Fullback Mike Sellers is third on the team in receptions (and is on pace to post a career-high 28 catches this season), but the biggest bright spot behind Moss and Cooley has been wideout Anthony Armstrong. Against the Packers, in his first career start, the rookie receiver had 84 yards on three catches, including his first career touchdown. On Thursday Shanahan wouldn't discuss whether he'd shake-up the depth chart, but did say Armstrong could see increased playing time.

"He continues to improve like he's been improving, he'll get a lot of playing time," Shanahan said.

Barely one-quarter of the way through the schedule, this version of the passing game might eventually serve as only a snapshot. Coaches and players both warn that the offense is a work in progress. As they jell, players say McNabb will find that he has weapons besides Cooley and Moss.

"We still trying to get in that zone to where we know everything," Moss said last week, "to where we know from A to Z without having to think about it. And it takes time."

Click here to order Santana Moss’s proCane Rookie Card.

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James Jones' Heat revival as simple as a flick of the wrist

James Jones' life can be as simple as a flick of a wrist.

Or as difficult.

These days, it's all a snap, and that has the Miami Heat forward in a good place, a place he hasn't been for years.

"I feel," he says with a warm smile, "like I'm finally back."

He looks that way, too, especially coming off Wednesday's exhibition performance against the New Orleans Hornets, when he converted 5 of 11 3-point shots.

While Jones' free-agent signing in the 2008 offseason was considered a homecoming for the University of Miami product and Southwest Ranches resident, only now does Jones feel like he has arrived.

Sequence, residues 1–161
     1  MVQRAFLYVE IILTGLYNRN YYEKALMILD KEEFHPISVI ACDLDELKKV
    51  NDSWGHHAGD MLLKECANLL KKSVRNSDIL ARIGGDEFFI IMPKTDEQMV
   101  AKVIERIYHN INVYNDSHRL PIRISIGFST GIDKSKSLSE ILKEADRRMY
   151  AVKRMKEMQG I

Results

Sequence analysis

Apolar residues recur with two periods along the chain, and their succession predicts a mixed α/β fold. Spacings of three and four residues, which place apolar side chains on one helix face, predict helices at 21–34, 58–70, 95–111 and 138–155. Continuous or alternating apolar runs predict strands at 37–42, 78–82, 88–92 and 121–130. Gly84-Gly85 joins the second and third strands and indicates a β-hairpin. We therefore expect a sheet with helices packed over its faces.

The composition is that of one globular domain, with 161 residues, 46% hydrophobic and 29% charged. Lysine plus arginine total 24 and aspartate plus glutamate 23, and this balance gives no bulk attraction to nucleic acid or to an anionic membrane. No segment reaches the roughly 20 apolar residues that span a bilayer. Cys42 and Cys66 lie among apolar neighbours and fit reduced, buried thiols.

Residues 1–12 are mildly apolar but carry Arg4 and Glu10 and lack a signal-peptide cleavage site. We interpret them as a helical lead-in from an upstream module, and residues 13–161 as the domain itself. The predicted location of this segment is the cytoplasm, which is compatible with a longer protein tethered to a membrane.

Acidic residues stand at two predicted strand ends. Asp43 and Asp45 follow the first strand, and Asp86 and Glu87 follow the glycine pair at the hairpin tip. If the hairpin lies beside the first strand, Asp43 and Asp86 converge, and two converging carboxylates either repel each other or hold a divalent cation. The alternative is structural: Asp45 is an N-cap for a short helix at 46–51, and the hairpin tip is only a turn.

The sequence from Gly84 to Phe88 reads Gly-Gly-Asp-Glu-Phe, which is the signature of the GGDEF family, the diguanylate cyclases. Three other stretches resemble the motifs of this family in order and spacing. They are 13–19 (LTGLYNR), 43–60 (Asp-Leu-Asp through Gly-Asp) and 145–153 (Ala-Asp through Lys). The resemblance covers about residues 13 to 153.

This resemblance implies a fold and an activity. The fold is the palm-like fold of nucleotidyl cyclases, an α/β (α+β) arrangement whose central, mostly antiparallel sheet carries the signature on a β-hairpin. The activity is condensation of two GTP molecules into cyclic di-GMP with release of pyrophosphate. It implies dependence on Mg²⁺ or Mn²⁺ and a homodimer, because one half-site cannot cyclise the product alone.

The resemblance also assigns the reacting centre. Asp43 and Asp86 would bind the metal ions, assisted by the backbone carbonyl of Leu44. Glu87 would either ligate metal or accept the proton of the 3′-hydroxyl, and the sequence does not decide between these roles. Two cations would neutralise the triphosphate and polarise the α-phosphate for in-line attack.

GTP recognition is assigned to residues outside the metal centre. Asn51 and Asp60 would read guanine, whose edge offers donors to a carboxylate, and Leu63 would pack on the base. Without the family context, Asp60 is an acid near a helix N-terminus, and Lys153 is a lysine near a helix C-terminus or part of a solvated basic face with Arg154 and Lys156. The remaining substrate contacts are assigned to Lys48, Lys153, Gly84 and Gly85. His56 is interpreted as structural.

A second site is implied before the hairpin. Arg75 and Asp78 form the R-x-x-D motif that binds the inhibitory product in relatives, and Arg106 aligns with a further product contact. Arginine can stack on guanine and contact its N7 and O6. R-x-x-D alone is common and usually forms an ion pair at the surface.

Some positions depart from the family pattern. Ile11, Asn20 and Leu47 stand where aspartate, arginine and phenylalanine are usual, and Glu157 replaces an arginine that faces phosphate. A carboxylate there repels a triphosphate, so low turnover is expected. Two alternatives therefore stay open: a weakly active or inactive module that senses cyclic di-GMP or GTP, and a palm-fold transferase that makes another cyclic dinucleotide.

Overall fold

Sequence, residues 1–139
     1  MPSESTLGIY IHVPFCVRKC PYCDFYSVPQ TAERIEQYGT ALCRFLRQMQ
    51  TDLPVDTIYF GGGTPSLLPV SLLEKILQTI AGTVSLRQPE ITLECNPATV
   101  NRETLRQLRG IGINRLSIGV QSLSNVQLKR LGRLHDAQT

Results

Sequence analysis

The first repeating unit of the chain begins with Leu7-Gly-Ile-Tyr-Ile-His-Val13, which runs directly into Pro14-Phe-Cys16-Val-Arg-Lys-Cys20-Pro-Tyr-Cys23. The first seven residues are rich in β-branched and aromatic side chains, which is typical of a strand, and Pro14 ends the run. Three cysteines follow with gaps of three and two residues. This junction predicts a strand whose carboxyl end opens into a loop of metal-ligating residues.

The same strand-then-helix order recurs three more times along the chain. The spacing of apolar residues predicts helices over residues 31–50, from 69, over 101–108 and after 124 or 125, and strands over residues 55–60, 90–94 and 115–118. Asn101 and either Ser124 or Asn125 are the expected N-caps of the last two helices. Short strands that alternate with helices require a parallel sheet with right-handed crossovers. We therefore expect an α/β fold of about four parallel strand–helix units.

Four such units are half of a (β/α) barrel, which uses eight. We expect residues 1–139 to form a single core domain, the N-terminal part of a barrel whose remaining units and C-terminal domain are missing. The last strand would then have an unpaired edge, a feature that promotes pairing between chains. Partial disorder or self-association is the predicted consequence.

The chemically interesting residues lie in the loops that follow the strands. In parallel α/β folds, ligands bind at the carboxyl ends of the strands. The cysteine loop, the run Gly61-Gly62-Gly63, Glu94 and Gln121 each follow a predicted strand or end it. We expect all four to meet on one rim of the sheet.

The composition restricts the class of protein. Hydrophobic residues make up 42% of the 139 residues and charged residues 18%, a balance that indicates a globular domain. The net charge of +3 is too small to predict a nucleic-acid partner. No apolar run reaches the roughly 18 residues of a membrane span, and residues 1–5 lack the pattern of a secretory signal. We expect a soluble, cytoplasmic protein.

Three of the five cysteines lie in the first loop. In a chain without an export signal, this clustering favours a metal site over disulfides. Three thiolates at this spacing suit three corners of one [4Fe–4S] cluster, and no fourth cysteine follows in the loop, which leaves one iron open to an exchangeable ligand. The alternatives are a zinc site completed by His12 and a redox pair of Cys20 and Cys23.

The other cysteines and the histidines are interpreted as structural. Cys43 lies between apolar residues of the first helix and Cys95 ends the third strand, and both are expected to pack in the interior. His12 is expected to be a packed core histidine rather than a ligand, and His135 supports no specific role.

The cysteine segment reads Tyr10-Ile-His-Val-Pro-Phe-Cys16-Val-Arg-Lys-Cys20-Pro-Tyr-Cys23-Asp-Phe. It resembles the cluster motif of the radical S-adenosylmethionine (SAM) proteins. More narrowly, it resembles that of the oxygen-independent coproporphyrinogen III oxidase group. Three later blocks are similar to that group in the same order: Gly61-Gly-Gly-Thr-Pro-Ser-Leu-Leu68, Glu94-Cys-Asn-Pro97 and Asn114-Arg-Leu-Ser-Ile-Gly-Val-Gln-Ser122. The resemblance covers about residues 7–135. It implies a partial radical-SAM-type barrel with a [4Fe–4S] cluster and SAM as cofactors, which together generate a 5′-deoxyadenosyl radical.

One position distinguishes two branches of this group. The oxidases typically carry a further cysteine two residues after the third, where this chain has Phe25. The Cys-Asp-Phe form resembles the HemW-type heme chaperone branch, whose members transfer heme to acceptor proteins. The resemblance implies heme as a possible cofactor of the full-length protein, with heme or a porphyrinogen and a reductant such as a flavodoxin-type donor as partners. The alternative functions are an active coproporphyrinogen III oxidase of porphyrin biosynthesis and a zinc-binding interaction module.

No sooner did James report for camp in 2008, then a ruptured tendon in his right wrist required surgery that would sideline him until midseason. While he made it back to the starting lineup for the 2009 playoffs, he was not nearly the same player Pat Riley had coveted as his prime 2008 free-agent target.

Last season, it was more of the same, as James' role was reduced to afterthought, reduced to contemplating that, at 29, it might be over, spirit still willing, but wrist balking.

"I was pretty much a couple of minutes from my career being done because of my wrist," he says during a moment of locker-room reflection. "It's a major surgery; it's a major injury for a shooter. I was on the brink of not being able to do what I do for a living."

By the end of last season, the wrist again proved willing. By then, it was too late to reestablish a rhythm. But it wasn't too late for hope.

"It was near the end of last year, near the playoffs, that I finally felt I had a chance," he says. "I had been pretty much rationing myself to make sure I didn't shoot too much to inflame it or irritate it."

With no guarantees about where Jones' career was headed, the Heat exercised a buyout on the 6-foot-8 forward in late June. In early July, Jones was re-signed to the veteran's minimum.

That Jones is now 12 of 31 on 3-pointers this preseason might be a surprise to some, considering Jones converted 37 all of last season and just 33 in his first season with the Heat. But to Jones, there now is a will -- and a way.

"I can shoot from range. I can shoot all day," he says. "I don't feel any stiffness, I don't feel any achiness. None of that stuff. It's one of those things where I can just go out every day and really hammer this sucker and go home and feel good."

To some, the exhibition schedule already has been a grind, what with Dwyane Wade to miss additional time with a strained right hamstring, and with the team hoping to get LeBron James, Carlos Arroyo, Mario Chalmers and Jamaal Magloire back on the practice court Friday after injury timeouts.

To Jones, who turned 30 last week, the preseason has been positively reinvigorating.

"Even though it's the preseason, it might not mean anything to anybody else, it means a lot to me," he says.

Last season, Jones would limit his shooting sessions to about 75 3-point attempts. Now he is putting up 200 to 250 per session.

And he's experiencing shoulder pain, which actually is a good thing.

"Instead of my wrist getting tired, my shoulder can get tired," he says, a logic only a shooter coming back from wrist surgery can appreciate. "That's was the difference. Last year, my wrist would get tired before my shoulder could even start to fatigue."

While the time with Wade and James has been limited, due to their respective hamstring woes, there has been enough opportunity to appreciate the possibilities on such a talented roster.